Kakistocracy

Notes from the Kakistocracy: Trump's vaccine czar won't disclose investments

Billions of taxpayer dollars and thousands of lives are at stake:

The scientist leading the Trump administration’s coronavirus vaccine program will be allowed to remain a government contractor, a decision that permits him to avoid ethics disclosures required of federal employees and maintain his investments in pharmaceutical companies.

Two prominent watchdog groups as well as some Democrats in Congress had called for the Department of Health and Human Services to require that the scientist, Dr. Moncef Slaoui, a venture capitalist and a former executive at the pharmaceutical giant GlaxoSmithKline, fall under the same ethics rules as federal employees.

And why are only Democrats in Congress worried about this? Rhetorical question, we all know why. The GOP has hitched its horse to a corrupt President, and it will go wherever he tells it to. This situation is ripe for conflicts of interest, but aside from the corrupt aspects, the end goal of securing and producing a vaccine is put in jeopardy by those conflicts:

Notes from the Kakistocracy: Pollution "watchdog" was lawyer for polluters

This is starting to read like a really bad dystopian future novel:

As a corporate lawyer, William L. Wehrum worked for the better part of a decade to weaken air pollution rules by fighting the Environmental Protection Agency in court on behalf of chemical manufacturers, refineries, oil drillers and coal-burning power plants. Now, Mr. Wehrum is about to deliver one of the biggest victories yet for his industry clients — this time from inside the Trump administration as the government’s top air pollution official.

On Tuesday, President Trump is expected to propose a vast rollback of regulations on emissions from coal plants, including many owned by members of a coal-burning trade association that had retained Mr. Wehrum and his firm as recently as last year to push for the changes.

If Trump was merely "incompetent," his staffing decisions would be bad enough. But we've gone far beyond a lesser (or least) qualified appointee, and into the realm of a "fox in the hen house." And for those who saw a glimmer of hope in the possible rift between Trump and the Koch Brothers, put those hopes back in your pocket:

Notes from the Kakistocracy: Ronny Jackson nomination evidence of deeper problems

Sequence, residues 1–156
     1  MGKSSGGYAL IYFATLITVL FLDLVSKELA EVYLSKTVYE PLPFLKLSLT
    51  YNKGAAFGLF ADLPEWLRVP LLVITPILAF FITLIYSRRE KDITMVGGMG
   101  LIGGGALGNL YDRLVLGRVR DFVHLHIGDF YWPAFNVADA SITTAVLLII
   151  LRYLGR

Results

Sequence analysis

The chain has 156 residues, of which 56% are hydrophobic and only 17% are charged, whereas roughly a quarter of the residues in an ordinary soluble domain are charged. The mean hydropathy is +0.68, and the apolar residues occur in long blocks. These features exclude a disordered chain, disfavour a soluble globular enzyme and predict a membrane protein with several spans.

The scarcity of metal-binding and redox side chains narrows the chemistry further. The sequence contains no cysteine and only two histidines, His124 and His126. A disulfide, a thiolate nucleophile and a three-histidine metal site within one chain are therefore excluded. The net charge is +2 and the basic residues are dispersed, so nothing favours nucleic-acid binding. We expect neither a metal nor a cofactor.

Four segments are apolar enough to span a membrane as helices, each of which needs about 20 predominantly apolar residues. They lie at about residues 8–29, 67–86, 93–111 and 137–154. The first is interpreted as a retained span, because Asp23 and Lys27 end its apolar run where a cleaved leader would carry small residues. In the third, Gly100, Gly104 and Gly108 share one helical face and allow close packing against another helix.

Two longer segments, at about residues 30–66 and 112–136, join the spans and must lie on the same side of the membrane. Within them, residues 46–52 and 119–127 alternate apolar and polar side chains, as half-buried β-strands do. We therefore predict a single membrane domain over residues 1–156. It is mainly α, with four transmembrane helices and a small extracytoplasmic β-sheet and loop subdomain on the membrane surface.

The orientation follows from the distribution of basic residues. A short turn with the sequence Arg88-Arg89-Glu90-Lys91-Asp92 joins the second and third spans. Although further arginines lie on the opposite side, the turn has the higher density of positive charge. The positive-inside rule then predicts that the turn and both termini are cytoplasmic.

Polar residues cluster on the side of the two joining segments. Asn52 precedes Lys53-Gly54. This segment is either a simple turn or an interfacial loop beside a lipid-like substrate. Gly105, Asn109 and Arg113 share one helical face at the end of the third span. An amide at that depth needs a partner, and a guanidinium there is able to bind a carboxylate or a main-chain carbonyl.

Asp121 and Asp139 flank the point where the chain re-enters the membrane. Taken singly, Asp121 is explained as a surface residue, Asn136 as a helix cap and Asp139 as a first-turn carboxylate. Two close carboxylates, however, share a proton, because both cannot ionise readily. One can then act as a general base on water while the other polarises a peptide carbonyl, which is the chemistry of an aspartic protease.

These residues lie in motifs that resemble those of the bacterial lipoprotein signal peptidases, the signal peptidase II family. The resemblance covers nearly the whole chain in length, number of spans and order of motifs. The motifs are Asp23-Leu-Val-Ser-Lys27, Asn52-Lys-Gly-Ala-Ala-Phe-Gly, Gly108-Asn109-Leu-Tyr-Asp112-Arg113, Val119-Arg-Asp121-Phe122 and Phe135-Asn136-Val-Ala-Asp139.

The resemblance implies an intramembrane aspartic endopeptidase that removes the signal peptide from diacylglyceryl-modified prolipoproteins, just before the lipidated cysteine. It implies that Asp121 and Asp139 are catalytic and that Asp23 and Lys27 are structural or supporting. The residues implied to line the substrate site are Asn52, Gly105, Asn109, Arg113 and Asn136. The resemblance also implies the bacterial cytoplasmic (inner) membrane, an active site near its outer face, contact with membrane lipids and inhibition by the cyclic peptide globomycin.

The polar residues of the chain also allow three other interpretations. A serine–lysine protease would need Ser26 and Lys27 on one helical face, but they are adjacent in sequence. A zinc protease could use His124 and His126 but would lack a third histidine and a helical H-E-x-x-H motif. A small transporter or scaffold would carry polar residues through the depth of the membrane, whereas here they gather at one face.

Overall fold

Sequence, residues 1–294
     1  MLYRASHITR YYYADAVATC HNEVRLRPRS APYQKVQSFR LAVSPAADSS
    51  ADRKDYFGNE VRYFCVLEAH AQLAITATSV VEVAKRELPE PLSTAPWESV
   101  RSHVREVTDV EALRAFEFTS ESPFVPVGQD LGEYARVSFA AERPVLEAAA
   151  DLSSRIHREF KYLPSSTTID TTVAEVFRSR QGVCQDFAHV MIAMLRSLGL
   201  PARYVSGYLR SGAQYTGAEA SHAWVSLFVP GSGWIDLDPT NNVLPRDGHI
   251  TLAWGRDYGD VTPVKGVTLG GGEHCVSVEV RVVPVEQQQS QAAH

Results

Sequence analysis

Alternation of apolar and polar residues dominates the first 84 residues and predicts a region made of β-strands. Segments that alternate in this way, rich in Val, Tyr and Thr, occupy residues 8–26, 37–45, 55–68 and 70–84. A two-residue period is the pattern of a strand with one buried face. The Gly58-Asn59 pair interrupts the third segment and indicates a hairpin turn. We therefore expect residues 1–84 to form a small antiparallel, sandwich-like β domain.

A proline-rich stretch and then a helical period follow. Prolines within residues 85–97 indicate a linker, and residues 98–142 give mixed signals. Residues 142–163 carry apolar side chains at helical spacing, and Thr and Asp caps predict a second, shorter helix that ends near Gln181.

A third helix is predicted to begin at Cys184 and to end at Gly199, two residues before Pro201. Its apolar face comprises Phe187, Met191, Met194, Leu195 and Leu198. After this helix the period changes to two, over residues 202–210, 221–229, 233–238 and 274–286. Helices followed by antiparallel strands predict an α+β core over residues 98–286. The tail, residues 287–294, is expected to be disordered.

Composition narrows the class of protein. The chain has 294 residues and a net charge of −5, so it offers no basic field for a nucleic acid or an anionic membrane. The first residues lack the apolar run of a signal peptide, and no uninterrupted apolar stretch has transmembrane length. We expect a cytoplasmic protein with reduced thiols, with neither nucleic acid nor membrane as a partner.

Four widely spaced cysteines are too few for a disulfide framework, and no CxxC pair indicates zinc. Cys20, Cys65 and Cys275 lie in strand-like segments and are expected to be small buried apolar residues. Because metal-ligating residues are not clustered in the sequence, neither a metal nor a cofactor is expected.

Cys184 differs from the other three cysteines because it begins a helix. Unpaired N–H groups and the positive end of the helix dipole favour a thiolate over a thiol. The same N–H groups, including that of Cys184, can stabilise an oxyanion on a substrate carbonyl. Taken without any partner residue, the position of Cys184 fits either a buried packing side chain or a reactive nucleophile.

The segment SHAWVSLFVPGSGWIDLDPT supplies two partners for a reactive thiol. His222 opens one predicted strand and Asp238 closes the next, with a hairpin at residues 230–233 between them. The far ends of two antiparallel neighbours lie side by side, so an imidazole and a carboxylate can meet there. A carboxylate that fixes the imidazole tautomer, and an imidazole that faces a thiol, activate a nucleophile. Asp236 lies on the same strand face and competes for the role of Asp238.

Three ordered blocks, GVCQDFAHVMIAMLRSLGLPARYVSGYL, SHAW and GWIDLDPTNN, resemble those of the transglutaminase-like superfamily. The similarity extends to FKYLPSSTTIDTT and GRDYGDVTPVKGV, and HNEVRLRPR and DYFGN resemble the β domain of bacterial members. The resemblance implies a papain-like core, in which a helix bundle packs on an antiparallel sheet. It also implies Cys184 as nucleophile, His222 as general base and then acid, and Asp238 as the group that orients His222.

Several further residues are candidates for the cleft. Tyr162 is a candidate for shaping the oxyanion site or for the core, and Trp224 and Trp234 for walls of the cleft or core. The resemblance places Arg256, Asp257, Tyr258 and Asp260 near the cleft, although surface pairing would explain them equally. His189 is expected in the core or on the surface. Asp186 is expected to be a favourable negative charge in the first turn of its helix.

Quite possibly the worst candidate to run the Veterans Administration:

During an overseas trip in 2015, Rear Adm. Ronny Jackson, the White House physician, was intoxicated and banged on the hotel room door of a female employee, according to four sources familiar with the allegation. The incident became so noisy, one source familiar with the allegation told CNN, that the Secret Service stopped him out of concern that he would wake then-President Barack Obama.

Two sources who previously worked in the White House Medical Unit described the same incident, with one former staffer telling CNN that it was "definitely inappropriate, in the middle of the night," and that it made the woman uncomfortable. At the time, the incident was reported up the chain of command, and it is one of multiple drunken episodes involving Jackson on overseas trips, according to a source familiar.

Those two paragraphs highlight three major problems with the military, two of which make Jackson supremely unqualified to run the VA. Because there is always a victim, the 1st problem is sexual harassment and assault. Decades of efforts to curb this have mostly failed, and Jackson is a prime example why. When junior officers see (and hear about) a Rear Admiral pulling this crap, they know the good old boy's club is still alive and well. This makes the problem "perpetual," meaning it will likely never stop, unless drastic measures are taken. The 2nd problem is substance abuse in the ranks. This is another problem that is not new, but seventeen years of sustained hostilities in Afghanistan and Iraq have supercharged it, and the vast majority of the record-breaking number of veteran suicides can be chalked up in the substance abuse column. The last thing we need is an alcoholic at the helm of the VA. The last problem exposed above is the military's inability to police its own ranks, once officers have achieved Field Grade level. Jackson should have been cashiered years ago, but he's still partying on. Now that my critique of the military is done, let's look at the dysfunctional White House:

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